The Amazon spokesperson declined to comment when asked about the contents of the counterfeit medication.
“Customer safety is a top priority for us and we take counterfeit issues very seriously,” the Amazon spokesperson wrote in an email that included this additional boilerplate language about programs such as Amazon’s Brand Registry.
In order to detect bad actors and potentially counterfeit products, we make significant investments in machine learning and automated systems. We employ dedicated teams of software engineers, applied scientists, program managers, and investigators to operate and continually refine our anti-counterfeiting programs. Amazon’s systems automatically and continuously scan numerous data points related to selling partners, products, brands, and offers to detect activity that may indicate a potentially counterfeit product and immediately block or remove it from our store. 99.9% of all products viewed by customers on Amazon did not have a valid counterfeit complaint. In 2019 alone, we invested over $500 million and have more than 8,000 employees protecting our store from fraud and abuse. We also stopped over 2.5 million suspected bad actor selling accounts before they published a single listing for sale and blocked more than 6 billion suspected bad listings before they were published to our stores.
Ms. Rittgers has already been to her veterinarian four times since receiving the email from Amazon and she’s due back again soon to recheck Zoe’s liver and ears
Until her most recent visit to her veterinarian, nobody could say for certain if Zoe’s ear would ever reopen, or if she would be permanently deaf. But Zoe now seems to be recovering. “The vet said that this last time she had real improvement. So, she is getting better. The ear is opening. She said she could put her scope partially down her ear canal for the first time, but we still don’t know if she has an eardrum. So, you don’t know. I mean, who knows with that kind of pressure. You really don’t know.”
“I’ll stand with Zymox” Ms. Rittgers said, “because I know it’s an excellent product. I’ve used it for years and I have nothing but good things to say about it because it’s really helped our dogs with seasonal allergies and their ears. It’s just fabulous. And I’m just disgusted with the whole thing.”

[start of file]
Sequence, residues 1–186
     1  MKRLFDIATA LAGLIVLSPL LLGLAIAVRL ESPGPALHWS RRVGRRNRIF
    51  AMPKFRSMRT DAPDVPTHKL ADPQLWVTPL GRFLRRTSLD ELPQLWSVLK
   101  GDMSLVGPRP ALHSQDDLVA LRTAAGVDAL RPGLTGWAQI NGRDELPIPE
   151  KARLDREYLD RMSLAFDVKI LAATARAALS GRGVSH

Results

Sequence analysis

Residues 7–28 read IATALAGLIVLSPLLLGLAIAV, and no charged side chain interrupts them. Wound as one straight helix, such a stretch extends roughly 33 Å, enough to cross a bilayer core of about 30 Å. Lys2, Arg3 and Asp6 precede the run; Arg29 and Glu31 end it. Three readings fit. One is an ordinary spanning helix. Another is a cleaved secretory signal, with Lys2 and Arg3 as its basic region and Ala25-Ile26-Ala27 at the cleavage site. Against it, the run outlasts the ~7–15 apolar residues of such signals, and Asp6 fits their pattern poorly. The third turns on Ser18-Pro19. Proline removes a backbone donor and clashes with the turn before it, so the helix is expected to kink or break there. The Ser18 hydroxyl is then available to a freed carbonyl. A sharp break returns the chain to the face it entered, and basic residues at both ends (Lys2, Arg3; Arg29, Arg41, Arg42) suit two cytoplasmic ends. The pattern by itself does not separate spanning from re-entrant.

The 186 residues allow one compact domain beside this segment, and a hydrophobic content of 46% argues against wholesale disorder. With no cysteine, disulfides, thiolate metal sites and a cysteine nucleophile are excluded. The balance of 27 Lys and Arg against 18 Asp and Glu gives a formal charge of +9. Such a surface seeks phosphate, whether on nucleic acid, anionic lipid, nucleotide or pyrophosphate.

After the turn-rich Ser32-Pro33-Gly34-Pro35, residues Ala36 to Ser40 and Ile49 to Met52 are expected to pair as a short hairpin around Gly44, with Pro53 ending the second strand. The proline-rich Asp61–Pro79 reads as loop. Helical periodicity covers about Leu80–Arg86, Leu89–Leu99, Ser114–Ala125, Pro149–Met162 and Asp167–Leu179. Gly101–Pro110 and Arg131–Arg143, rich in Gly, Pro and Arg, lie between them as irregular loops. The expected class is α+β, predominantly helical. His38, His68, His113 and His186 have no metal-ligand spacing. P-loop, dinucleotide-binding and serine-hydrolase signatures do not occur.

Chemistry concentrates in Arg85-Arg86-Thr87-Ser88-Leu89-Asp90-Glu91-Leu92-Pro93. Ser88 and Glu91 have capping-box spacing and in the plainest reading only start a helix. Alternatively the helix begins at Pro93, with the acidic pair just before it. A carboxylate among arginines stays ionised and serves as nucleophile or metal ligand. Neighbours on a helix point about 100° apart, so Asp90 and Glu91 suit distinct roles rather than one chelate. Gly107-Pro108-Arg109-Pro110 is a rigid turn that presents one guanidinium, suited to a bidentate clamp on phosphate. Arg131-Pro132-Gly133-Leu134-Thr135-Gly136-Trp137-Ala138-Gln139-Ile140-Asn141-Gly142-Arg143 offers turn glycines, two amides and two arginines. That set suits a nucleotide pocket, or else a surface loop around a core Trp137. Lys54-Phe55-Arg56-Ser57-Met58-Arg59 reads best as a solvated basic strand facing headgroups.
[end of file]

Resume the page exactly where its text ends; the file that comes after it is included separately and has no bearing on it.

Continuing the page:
Pet King issued a press release late last week about what had transpired, noting emphatically that PKB, not Amazon, detected the issue first, and that the defective products “were not manufactured by Pet King Brands nor supplied directly to Amazon by Pet King Brands,” the PKB announcement said.
The PKB announcement added: “Amazon as a business entity is not an approved authorized seller of Pet King Brand products,” PKB said in the release. “As a precautionary measure, Pet King Brands recommends consumers who have purchased one of the Zymox Ear products directly from Amazon and not from one of the authorized sellers on Amazon to immediately discontinue use and contact Pet King Brands with any questions regarding these products or any other Zymox products purchased directly from the Amazon storefront.”
The Pet King Brands employee says that Amazon has always had the option of being an authorized seller of Zymox and buying the product directly from them, as opposed to purchasing the product through third-party sellers, which is how this all could have been avoided in the first place. However, Amazon would also be asked to pay a higher price to purchase the products directly from the manufacturer. Chewy.com, for example, is an authorized seller of Zymox products, the PKB employee explained, which is why the counterfeit products are an Amazon issue, not a Zymox issue.
Asked if Amazon will now buy the product directly from the manufacturer, the Amazon spokesperson would not comment.
“My little dog suffered for months,” Ms. Rittgers said. “And here I was, trying to help her and I was harming my baby. And I love my dogs like kids! I was a big Amazon shopper. And after that, I dropped my Amazon, everything. My Prime. I dropped everything. I just shut them off. I don’t even go to Whole Foods anymore.”